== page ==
As to the sufficiency of the evidence, Kissinger testified that he would not have consented to the procedure had he known the extent of the suffering he was risking. Although Kissinger's subjective views are alone insufficient, a jury could conclude that a person suffering from mild discomfort for about eight years, and who has been advised to undergo a treatment that could alleviate his pain, would refuse it if he was told that the possibility of constant, excruciating pain was greater with the treatment than without it.

For the reasons discussed above, we hold that the court properly denied defendants' motions.

Defendant Lofgren sought to introduce at trial what purported to be the records of Dr. Som, the New York-based ENT specialist. The records were introduced on the issue of causation to demonstrate that Kissinger had complained of "constant pain" to Dr. Som prior to the Caldwell-Luc operation. Ruling upon Kissinger's objection, the court found that Lofgren had not established a sufficient foundation for authentication. Fed.R.Evid. 901.

Both parties agree that the exclusion of evidence is entrusted to the sound discretion of the court and will not be disturbed absent an abuse of discretion. Harrington v. United States, 504 F.2d 1306, 1313 (1st Cir. 1974). If there is "evidence sufficient to support a finding" that the evidence is what the proponent claims it to be, the preliminary threshold of authentication has been satisfied and the jury should then be permitted to consider its weight or credibility. 5 J. Weinstein & M. Berger, Weinstein's Evidence, p 901(a) ( at 901-15 to -16 (1983).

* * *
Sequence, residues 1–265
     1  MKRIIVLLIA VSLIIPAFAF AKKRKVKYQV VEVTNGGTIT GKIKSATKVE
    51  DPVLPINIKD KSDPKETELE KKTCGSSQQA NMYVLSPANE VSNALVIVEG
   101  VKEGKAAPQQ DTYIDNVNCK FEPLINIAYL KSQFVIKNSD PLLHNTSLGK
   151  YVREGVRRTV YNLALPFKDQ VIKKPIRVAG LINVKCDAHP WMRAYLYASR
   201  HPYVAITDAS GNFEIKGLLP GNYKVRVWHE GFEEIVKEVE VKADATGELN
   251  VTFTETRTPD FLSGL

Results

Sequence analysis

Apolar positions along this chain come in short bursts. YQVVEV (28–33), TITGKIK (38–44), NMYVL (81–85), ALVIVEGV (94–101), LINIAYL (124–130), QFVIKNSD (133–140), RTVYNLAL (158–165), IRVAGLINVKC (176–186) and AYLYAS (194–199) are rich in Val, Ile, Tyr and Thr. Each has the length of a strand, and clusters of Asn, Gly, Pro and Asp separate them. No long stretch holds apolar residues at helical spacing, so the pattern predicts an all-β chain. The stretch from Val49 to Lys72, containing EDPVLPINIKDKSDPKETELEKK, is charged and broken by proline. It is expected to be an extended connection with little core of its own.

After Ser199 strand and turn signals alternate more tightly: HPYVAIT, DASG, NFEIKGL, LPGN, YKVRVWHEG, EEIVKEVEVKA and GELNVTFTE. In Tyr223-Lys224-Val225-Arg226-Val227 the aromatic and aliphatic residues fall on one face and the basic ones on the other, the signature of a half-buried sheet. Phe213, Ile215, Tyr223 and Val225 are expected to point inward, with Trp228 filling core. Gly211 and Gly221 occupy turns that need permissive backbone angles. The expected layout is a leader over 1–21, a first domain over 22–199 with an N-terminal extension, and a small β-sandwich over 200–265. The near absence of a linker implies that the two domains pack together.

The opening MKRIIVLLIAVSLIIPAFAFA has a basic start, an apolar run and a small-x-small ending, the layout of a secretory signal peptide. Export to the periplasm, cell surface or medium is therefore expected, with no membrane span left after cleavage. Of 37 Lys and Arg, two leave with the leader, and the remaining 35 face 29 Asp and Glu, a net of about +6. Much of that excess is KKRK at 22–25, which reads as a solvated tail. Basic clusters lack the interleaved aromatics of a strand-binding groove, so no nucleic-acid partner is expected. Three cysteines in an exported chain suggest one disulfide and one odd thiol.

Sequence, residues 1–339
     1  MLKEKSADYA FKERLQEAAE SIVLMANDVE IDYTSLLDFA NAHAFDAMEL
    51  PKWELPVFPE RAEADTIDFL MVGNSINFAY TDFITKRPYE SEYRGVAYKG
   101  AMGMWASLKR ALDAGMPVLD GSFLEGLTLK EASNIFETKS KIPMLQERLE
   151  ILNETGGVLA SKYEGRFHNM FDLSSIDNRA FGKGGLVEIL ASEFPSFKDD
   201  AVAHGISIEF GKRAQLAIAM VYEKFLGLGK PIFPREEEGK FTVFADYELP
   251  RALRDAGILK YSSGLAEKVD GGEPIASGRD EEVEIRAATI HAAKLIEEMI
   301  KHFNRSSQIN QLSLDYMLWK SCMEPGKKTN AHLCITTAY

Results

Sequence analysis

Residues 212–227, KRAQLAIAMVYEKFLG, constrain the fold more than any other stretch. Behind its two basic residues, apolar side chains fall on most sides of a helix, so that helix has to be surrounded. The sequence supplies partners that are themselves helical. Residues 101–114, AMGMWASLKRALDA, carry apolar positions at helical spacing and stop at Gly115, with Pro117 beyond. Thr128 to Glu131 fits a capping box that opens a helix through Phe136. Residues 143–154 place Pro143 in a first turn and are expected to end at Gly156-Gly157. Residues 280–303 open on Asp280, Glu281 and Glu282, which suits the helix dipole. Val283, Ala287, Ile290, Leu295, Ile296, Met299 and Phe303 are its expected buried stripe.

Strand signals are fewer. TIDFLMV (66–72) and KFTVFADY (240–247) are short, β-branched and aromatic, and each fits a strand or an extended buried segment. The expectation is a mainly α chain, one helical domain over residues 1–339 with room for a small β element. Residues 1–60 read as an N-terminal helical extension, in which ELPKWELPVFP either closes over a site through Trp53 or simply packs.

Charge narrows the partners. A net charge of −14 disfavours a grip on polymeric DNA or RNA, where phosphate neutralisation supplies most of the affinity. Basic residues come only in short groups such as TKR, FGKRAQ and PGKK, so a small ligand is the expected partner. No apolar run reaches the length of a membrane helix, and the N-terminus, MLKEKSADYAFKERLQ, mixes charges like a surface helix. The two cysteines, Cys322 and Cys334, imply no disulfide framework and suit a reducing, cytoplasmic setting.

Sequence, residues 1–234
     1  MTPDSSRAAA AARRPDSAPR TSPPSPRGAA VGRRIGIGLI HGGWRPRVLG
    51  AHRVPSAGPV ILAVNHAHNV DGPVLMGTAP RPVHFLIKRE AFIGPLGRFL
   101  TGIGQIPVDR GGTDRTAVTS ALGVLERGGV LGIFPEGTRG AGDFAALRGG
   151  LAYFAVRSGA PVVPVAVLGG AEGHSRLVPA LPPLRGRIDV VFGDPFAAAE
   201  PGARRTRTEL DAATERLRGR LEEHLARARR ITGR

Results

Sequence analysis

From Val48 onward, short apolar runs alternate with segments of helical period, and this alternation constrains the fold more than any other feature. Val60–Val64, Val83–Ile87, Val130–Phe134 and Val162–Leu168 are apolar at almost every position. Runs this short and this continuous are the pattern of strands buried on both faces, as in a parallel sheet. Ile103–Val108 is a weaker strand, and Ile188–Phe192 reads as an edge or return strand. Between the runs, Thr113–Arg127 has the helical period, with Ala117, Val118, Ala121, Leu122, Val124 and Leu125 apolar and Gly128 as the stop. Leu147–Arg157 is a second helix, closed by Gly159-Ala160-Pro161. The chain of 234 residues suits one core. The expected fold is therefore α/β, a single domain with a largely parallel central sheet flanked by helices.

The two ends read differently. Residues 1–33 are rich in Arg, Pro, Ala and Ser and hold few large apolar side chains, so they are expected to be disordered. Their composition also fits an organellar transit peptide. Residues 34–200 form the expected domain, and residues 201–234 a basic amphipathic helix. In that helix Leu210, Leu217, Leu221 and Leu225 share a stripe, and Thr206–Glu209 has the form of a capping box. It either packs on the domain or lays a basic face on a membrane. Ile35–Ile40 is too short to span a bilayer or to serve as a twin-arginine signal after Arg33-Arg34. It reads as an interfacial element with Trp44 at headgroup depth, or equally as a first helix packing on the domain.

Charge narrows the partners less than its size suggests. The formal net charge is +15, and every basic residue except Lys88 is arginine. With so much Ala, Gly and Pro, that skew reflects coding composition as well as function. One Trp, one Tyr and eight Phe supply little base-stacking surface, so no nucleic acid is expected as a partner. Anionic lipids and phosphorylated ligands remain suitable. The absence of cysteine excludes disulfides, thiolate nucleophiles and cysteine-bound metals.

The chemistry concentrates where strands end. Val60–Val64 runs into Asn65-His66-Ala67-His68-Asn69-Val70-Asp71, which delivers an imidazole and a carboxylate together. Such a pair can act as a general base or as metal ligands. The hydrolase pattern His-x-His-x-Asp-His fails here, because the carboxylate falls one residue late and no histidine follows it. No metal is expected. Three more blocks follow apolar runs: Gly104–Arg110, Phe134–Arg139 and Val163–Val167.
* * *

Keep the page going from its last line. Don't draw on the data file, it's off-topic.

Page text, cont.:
The records in this case consisted of a three-page document containing a list of entries of medical visits by Kissinger from March 8 or 9, 1978 through July 3, 1980. The records do not bear the official letterhead of Dr. Som nor his signature. The evidence that they are genuine is meager: The entry of March 8, 1978 states that Kissinger complained of "constant pain" and indicates a referral to another doctor for further treatment. Kissinger's testimony at trial corroborated the fact that he visited Dr. Som on March 8, 1978 and was referred to another physician. While the documents perhaps could have been admitted, in any event, we do not think it was an abuse of discretion not to do so.

Even if the court abused its discretion in excluding the records, the error was harmless. Fed.R.Evid. 103(a). Lofgren was able to introduce the contents of the records through cross-examinations of Kissinger and Dr. O'Brien. Our conclusion is bolstered by the strength of the evidence supporting the jury's verdict.



Of the Fifth Circuit, sitting by designation


To accept a rule of that nature would be to glorify unduly the epidemiological statistician's art, and to foreclose meritorious suits in areas where precise statistics are yet unavailable


This, of course, was not in issue, because Kissinger admitted he had been warned of possible damage to the nerve. His claim, however, was that he had only been told that temporary numbness could result, not chronic pain